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The Internet of Things, explained

Chanelle Bessette | Jan. 2, 2015
Everybody’s talking about it, billions are being spent on it, and it will impact all of our lives sooner rather than later. Our primer explains what all the fuss is about.

The Nest thermostat itself famously learns the activity patterns of a home's residents, so that your HVAC system operates only during those times of the day when someone is around to benefit from it. If the house is quiet and still during the day, the thermostat will assume that its occupants are gone and adjust the temperature so that the heater or air conditioner isn't running, saving energy and money while reducing your carbon footprint.

For those who prefer an integrated solution over the piecemeal DIY approach, companies like Vivint sell a smart-home-in-a-box that includes all the components--smart door locks, thermostats, lighting controls, and more--in a single package that their technicians install for you. The up-front costs of such systems can be incredibly low, but the trade-off often is a long contract with monthly subscription fees.

The Wild West
We're in the midst of the earliest days of the Internet of Things, and the market is a bit like the wild west. New ideas--and new companies--are popping up left and right, and bigger players are swooping in to snap up some of the pioneers. Google spent billions to buyNest,Dropcam, and Revolv this year; Samsung picked upSmartThings; and Microsoft partnered with Insteon.

We're also seeing a proliferation of standards as the industry seeks to develop a universal language that all these devices can speak. Unlike wireless home networking or Bluetooth, no one seems willing to wait for a slow-moving deliberative standards body like the IEEE to get it done. "We see the Internet of Things as a train, and everybody's getting on it," said Big Ass Fans controls engineering manager Landon Borders. Borders is also on the board of the Thread Group, a consortium Google formed to wrestle with this issue. "We're building the railway as we go, and what's to be determined is where we're going."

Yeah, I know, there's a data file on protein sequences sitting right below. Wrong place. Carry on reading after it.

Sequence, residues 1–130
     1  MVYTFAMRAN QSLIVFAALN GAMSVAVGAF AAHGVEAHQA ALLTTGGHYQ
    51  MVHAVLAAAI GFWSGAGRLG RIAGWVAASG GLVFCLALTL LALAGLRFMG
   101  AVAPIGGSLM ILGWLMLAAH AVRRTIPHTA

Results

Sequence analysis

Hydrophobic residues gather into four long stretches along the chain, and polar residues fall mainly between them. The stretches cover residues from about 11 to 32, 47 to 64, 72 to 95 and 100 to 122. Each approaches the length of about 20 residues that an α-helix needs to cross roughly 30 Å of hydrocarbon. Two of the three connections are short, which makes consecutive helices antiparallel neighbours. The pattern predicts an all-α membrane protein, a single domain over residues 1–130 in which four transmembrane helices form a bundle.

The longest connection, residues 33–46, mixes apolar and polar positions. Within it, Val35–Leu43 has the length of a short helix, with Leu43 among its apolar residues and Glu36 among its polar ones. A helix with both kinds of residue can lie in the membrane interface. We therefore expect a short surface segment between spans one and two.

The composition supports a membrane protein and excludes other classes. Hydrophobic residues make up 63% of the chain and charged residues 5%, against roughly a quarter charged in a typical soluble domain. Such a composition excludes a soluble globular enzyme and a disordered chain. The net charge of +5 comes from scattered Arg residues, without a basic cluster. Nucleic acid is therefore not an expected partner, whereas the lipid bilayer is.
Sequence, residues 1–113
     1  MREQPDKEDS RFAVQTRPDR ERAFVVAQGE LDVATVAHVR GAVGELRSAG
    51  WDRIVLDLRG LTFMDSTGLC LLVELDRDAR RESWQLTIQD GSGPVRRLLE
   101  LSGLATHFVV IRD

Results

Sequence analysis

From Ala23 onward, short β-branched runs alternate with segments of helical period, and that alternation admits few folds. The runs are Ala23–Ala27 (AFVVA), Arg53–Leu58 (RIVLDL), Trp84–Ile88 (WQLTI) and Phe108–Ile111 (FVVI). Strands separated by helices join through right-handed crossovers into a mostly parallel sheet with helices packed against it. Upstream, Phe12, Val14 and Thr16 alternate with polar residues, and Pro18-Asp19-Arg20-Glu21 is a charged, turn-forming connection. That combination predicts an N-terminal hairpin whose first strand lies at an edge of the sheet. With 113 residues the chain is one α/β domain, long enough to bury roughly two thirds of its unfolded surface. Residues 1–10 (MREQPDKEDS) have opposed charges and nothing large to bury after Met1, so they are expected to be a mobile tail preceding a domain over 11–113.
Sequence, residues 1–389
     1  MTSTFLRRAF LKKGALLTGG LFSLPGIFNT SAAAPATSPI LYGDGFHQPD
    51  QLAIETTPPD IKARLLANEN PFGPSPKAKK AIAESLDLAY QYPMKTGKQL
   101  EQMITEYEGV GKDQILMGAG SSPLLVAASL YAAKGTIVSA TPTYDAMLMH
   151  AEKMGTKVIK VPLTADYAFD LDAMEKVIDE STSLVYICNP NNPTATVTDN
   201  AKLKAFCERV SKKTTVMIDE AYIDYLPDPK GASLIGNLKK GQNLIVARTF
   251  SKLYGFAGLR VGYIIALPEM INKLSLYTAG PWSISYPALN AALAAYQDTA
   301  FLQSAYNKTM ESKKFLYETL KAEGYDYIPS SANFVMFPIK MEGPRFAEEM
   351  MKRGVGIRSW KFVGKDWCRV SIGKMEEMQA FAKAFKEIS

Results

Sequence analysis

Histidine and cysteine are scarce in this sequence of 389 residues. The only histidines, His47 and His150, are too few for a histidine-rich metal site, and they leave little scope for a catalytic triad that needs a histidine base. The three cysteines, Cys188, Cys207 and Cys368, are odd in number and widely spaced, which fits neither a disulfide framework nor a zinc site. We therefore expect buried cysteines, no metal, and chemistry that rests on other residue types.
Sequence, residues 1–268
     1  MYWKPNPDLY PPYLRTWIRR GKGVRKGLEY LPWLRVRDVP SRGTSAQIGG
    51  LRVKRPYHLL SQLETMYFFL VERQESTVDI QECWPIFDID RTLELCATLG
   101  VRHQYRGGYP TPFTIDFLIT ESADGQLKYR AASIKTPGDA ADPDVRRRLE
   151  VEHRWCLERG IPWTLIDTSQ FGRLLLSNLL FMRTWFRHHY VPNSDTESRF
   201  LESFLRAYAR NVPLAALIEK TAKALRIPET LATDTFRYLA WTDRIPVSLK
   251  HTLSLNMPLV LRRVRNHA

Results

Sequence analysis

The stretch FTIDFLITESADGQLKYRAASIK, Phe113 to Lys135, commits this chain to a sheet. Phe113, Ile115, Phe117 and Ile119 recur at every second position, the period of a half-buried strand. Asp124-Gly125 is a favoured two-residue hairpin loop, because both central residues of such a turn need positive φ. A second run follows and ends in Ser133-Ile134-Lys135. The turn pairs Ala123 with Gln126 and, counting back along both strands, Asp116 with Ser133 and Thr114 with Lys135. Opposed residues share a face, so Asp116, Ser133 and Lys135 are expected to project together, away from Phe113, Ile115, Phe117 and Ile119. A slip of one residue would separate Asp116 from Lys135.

Mike Harden, co-founder and senior partner at the San Francisco venture-capital firm Artis Ventures, sees a bright future for this space. "With the Internet of Things, certain products always seem like pipe dreams early on, but we're starting to see the proof points of the dream," Harden said. "Take locks, for example, when you make them connected to the Internet, it changes the sharing economy. Say you're renting your house out on Airbnb, and your visitors' flight doesn't get in past midnight. Instead of waiting around to give them a key, you can just text it to them."

The typical short-term view of the smart home, Harden said, is one filled with exciting gadgets and bright buttons, not unlike the futuristic architecture of Star Trek in the 1960s. Harden has a different view of what dwellings will look like 50 years from now. "I think that the future is a super intuitive, nice home that's closer to nature," Harden predicts. "Instead of panels on the wall with lots of screens, the technology will be simplified, elegant and behind the scenes. You won't see the technology anymore."


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